- The UC Davis Honey and Pollination Center is working to help UC Davis become the world’s leading authority on honey bee health, pollination, and honey.
- The Haagen-Dazs Honey Bee Haven at UC Davis is a unique outdoor museum that provides resources for local bee pollinators and educates visitors to create pollinator habitat gardens. It also provides a site for the observation and study of bees and the plants that support them.
Written by: Rachel Heleva, Marketing Specialist
It is important to note that all these recipes will work great with baked, grilled, panfried, or crumbled tofu. These recipes work great in rice bowls, with veggies like bok Chou, onions, snap peas, carrots, and broccoli, or in a creative taco! Let us know what you create by posting a picture and tagging @davisfoodcoop!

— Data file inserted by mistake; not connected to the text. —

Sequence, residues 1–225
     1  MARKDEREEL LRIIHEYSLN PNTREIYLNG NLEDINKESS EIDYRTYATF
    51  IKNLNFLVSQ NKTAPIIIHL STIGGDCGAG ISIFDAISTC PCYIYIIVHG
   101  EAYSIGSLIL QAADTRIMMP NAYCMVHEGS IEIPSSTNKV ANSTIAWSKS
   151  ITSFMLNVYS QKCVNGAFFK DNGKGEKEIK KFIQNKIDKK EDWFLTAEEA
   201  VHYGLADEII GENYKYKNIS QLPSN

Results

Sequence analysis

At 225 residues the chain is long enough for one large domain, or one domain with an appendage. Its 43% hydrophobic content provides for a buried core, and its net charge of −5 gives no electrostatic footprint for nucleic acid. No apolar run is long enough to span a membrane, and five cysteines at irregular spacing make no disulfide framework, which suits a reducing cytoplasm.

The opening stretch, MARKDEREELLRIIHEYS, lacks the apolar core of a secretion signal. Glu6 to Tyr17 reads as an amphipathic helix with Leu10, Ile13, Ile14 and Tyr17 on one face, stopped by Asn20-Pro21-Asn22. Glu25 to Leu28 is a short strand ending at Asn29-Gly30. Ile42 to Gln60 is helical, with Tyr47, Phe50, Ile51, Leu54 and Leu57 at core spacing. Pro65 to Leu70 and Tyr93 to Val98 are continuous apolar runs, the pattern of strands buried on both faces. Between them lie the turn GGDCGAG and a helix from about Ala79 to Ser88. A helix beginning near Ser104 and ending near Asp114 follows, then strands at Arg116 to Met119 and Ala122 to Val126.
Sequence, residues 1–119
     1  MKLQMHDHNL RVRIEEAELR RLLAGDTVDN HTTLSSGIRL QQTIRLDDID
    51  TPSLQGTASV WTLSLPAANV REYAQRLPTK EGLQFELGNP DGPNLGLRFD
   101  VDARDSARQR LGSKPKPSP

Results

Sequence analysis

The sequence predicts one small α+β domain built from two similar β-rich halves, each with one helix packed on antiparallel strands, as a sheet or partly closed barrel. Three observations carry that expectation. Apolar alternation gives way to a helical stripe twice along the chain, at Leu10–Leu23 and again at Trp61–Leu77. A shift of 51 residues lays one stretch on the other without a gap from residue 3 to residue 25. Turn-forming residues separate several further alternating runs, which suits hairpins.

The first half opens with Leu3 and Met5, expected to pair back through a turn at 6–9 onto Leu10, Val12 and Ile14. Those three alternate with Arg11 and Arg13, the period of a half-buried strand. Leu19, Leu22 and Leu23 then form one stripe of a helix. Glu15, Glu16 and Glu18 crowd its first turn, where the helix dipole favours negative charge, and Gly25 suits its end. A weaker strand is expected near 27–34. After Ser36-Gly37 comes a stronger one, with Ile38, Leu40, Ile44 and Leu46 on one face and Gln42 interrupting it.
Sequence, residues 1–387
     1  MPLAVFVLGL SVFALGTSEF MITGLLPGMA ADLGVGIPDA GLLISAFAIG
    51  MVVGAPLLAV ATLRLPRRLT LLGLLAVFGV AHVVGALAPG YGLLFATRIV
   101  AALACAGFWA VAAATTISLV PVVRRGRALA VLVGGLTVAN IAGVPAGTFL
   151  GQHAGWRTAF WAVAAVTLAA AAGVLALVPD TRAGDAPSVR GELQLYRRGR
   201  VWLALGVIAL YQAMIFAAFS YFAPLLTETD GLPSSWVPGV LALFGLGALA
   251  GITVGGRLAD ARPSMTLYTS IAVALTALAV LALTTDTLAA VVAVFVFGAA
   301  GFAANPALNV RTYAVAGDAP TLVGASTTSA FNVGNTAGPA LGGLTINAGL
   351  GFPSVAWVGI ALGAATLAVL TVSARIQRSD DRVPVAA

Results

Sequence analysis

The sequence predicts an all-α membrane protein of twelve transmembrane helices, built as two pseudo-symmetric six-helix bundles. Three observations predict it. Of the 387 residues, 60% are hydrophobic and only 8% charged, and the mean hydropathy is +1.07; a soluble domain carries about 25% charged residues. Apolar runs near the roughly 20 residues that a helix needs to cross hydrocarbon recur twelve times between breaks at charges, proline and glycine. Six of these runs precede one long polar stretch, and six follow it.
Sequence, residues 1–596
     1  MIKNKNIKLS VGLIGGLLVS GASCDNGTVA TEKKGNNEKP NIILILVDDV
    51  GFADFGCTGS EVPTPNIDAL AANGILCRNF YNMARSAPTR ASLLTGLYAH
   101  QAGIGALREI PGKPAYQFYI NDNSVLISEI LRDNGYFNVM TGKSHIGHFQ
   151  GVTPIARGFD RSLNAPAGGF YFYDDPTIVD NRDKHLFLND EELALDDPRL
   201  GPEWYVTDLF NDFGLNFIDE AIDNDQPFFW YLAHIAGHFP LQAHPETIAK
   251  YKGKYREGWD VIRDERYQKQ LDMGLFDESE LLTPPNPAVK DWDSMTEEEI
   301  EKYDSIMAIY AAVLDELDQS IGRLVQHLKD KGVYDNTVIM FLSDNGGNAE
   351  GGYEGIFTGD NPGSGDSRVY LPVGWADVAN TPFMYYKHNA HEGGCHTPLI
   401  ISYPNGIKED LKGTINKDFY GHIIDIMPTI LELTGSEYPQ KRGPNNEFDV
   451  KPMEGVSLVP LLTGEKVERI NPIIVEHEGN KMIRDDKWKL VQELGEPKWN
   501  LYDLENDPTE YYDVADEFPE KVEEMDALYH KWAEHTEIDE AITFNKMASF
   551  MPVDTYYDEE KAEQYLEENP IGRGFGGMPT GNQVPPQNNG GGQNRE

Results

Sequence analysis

Sweet Garlic Baked Tofu
- 2 teaspoons finely grated fresh ginger
- 2 teaspoons finely grated fresh garlic
- 2 teaspoons warmed honey
- 2 teaspoons light soy sauce
- 2 teaspoons mirin
- 2 tablespoons water
- 2 tablespoons peanut or toasted sesame oil
- 1 block extra-firm tofu, cut into 3/4-inch cubes
- Preheat oven to 400ºF.
- Place the grated garlic and ginger in a medium bowl. Add the honey, light soy sauce mirin, water, and oil. Whisk well to combine all ingredients
- Place tofu cubes in a single layer in an 8×8″ glass baking dish. Take care not to crowd the pieces of tofu. Pour the marinade over the tofu pieces, turning them to coat well on all sides.
- Bake in the oven for 15 minutes. Rotate pieces and bake for 15 more minutes, checking periodically that the liquid has not completely evaporated. Remove from oven and serve hot with dipping sauce or use in stir-fries.